Grief Tourism

Travel to areas affected by natural disasters, places where people were murdered, etc.

The Transition of Angola From Plantation Slavery to Prison Confinement

14th August 2012

We hear and read about the misery and grief within maximum security prisons in other countries and often find it hard to believe that such torture, abuse, and inhumane living conditions really do exist. Yet, we don’t have to look too far or explore the rest of the world to realize that the U.S. has its share of darkness, as well.

Sometimes referred to as the “Alcatraz of the South,” Angola was one of four plantations, a total 18,000 acres owned by wealthy slave trader Isaac Franklin and sold by his widow in the late 1800’s. Opening in 1901, the Angola prison plantation name was changed to Louisiana State Penitentiary (LSP), removing its identification with the country in Africa and the stigma of an ugly past of black slavery. Surrounded by the Mississippi River on three sides, LSP at the foot of the Tunica Hills is the largest maximum security prison in the U.S. with more than 5,000 inmates, 1,800 staff members, an execution chamber which once stored the state’s electric chair “Gruesome Gertie,” and death row cells for any man awaiting execution in Louisiana. Solitary confinement here is actually divided into three levels – extended lockdown, a special unit called Camp J, and the “dungeon” or simply the “hole,” politely referred to by prison officials as administrative segregation. Robert King served 29 years in solitary, although insisting he was innocent of the crime. Now free, he has filmed a documentary Land of the Free describing the unspeakable horrors he witnessed at Angola.

The name may have changed, but conditions remained intolerable well into the 1930’s until numerous, horrifying incidents of murder, riots, rebellion, and vicious brutality reached the media and led to reports by former inmates, public officials, and journalists – even the ABA became involved in the desperate need for prison reform. Stephen King’s book and movie, the Green Mile, were based in part on death row conditions in the ‘30’s, and Dead Man Walking was partially filmed here.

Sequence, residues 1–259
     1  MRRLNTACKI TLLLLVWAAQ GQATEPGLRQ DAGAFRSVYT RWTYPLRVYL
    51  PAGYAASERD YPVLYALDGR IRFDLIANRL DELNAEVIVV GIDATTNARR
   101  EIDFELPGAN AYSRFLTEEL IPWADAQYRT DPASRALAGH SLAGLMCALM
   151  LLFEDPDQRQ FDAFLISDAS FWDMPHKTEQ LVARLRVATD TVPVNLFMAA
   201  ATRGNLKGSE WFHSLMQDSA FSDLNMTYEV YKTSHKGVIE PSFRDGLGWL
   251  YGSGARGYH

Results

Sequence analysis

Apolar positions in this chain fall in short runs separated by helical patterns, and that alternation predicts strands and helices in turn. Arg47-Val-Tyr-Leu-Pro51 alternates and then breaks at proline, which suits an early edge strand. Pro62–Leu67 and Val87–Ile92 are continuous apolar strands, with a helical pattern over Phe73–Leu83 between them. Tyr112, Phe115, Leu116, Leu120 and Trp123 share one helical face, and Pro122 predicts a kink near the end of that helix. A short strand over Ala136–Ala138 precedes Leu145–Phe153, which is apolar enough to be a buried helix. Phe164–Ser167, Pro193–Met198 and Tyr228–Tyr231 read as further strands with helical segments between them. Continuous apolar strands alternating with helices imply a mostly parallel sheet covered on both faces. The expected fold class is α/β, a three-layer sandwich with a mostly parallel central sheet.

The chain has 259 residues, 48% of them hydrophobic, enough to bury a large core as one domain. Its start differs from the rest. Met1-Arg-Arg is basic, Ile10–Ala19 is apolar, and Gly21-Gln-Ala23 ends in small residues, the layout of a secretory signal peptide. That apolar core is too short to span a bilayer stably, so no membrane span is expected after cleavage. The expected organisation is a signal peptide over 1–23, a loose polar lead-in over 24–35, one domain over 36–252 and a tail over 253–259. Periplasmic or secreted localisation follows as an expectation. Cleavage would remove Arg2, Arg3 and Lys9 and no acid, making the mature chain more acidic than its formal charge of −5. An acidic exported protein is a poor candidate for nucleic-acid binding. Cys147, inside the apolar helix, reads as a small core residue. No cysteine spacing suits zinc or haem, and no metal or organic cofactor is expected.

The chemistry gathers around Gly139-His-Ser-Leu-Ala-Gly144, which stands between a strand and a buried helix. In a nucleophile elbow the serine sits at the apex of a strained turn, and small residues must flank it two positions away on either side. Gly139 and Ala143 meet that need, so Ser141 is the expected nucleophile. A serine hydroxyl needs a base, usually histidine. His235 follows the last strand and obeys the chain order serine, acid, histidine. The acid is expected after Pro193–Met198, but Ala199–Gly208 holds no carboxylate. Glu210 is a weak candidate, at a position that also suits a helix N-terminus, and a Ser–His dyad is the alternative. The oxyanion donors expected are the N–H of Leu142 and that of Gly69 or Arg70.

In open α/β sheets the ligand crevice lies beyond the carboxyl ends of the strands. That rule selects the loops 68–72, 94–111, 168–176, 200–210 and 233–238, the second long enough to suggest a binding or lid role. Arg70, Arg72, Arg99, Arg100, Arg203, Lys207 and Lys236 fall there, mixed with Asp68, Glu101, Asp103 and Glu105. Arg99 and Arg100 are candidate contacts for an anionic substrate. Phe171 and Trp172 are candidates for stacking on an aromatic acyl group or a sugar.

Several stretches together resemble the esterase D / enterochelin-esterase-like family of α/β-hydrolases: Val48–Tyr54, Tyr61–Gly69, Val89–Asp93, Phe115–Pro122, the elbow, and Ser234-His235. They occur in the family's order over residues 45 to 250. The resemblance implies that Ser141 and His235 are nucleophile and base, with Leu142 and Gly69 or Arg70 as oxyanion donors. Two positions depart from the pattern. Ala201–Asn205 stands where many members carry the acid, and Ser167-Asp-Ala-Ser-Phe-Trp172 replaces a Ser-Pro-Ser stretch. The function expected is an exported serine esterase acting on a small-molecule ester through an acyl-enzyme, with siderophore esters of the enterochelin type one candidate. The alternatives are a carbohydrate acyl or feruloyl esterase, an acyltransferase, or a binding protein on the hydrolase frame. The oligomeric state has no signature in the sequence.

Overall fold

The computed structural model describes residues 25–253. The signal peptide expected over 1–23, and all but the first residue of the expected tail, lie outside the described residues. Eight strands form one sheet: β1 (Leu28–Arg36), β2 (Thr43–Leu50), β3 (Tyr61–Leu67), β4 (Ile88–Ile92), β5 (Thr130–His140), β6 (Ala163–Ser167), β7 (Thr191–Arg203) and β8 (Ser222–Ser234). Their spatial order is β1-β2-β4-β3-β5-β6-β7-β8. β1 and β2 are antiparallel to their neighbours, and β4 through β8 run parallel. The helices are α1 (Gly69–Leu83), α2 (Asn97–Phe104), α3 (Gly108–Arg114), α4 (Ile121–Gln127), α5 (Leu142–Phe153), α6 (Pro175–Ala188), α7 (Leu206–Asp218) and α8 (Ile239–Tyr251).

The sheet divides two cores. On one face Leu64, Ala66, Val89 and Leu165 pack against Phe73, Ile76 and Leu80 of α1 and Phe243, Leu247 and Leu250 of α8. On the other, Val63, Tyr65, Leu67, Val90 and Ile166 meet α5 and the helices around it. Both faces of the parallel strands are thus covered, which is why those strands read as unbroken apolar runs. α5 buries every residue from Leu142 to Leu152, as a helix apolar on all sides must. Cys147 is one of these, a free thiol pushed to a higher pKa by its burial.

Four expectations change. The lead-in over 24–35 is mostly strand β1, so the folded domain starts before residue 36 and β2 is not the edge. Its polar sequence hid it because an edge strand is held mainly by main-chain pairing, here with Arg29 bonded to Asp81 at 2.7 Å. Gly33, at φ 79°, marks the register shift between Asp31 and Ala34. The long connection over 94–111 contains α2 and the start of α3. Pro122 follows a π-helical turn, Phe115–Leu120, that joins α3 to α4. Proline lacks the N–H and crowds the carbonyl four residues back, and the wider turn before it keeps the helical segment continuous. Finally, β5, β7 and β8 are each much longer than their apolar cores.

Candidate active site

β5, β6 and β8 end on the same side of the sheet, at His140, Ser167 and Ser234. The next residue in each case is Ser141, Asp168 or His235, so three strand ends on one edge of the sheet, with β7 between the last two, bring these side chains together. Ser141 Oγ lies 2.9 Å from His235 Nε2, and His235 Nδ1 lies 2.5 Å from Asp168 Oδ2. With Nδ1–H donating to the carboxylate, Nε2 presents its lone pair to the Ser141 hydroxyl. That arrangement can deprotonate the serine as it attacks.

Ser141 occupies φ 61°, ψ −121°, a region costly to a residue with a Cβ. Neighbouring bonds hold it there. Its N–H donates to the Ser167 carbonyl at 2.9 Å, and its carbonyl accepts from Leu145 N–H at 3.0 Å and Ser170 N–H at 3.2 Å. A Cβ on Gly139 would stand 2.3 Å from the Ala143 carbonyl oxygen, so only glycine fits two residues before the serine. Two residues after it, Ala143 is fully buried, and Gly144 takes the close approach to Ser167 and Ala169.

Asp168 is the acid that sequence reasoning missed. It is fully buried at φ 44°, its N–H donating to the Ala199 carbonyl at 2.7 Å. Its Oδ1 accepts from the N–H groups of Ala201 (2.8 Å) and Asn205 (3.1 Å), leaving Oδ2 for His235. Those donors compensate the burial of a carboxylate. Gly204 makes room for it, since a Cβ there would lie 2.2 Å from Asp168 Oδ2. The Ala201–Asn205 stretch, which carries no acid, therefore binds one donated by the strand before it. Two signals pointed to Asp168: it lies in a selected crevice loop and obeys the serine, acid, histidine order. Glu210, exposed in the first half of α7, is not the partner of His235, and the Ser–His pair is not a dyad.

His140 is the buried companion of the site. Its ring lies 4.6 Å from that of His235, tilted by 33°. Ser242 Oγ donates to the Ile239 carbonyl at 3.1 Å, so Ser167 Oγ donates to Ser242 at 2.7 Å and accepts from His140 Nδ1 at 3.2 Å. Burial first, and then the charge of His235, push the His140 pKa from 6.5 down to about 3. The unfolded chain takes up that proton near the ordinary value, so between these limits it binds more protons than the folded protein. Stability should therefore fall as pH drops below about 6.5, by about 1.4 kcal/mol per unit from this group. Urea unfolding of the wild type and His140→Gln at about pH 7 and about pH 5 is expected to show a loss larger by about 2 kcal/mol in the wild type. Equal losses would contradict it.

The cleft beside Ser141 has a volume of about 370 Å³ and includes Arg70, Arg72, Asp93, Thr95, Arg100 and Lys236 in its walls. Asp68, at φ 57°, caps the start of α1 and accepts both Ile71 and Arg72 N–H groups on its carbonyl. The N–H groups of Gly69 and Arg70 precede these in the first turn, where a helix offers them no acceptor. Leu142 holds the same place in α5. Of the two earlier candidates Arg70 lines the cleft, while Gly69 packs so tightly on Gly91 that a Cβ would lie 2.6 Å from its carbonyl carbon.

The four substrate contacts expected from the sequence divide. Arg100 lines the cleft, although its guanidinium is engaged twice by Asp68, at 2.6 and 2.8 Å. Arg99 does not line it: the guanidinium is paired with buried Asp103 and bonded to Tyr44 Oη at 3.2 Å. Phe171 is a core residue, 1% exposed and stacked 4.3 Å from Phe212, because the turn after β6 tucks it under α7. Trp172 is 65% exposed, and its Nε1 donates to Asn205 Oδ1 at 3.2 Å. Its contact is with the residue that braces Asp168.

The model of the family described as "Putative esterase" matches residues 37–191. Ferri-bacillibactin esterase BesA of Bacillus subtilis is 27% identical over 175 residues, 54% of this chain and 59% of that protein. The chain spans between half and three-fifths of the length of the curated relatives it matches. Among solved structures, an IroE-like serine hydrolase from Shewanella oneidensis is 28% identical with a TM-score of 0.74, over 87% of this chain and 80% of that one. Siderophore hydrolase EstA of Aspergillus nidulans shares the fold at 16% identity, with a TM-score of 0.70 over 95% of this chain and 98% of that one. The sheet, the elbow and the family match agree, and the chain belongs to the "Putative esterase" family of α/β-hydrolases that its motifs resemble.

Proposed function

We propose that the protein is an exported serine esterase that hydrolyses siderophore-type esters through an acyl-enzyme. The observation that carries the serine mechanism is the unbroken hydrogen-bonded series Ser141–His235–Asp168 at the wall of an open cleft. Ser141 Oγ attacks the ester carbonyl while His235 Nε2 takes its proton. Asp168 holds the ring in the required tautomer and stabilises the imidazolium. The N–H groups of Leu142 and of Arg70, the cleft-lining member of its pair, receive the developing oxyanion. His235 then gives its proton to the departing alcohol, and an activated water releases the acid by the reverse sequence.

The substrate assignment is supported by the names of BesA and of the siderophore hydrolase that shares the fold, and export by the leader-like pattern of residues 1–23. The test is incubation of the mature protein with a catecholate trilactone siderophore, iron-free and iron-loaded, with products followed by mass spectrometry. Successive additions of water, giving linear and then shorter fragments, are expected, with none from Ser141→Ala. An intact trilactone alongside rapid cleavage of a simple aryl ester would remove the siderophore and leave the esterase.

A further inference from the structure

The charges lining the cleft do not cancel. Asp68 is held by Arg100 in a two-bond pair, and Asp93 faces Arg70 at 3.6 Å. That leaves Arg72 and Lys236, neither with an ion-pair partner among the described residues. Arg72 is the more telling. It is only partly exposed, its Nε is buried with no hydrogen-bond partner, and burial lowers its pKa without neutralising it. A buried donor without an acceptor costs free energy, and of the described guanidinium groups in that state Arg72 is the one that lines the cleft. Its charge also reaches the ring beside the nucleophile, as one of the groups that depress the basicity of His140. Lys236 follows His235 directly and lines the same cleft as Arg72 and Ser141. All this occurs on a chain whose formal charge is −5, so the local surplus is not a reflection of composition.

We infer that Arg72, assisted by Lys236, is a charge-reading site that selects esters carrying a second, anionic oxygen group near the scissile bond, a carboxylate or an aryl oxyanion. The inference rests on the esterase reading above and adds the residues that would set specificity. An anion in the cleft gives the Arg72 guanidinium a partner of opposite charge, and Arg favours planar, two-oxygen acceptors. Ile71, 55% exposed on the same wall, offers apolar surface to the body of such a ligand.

Visitors will see evidence of prison reform and dramatic changes in the conditions and environment of the once notorious Angola prison. The penitentiary today more closely resembles a plantation “Farm” where crops are cultivated by inmates, technically not slaves, cattle graze, and every effort is made toward self-sufficiency with a sugar mill, dairy, and several manufacturing facilities. Prison guards on horseback act as overseers of the work being done, often by inmates from other prisons, as Angola’s population is aging and unable to work in the fields. Named for the red paint on the straw hats of field workers, the Red Hat cell block housing the worse incorrigibles was closed until June 2012 when it reopened for viewing as a national historic site. Most inmates live in dormitories rather than separate cells according to the level of security required. Some of these are minimum custody units for prisoners who have earned trustee status through good behavior. Recreational facilities are provided including exercise yards, a gym, a lake and park where trustees and prisoners with no major discipline issues can fish, picnic, and barbeque, as well as the only prison nature preserve in the U.S.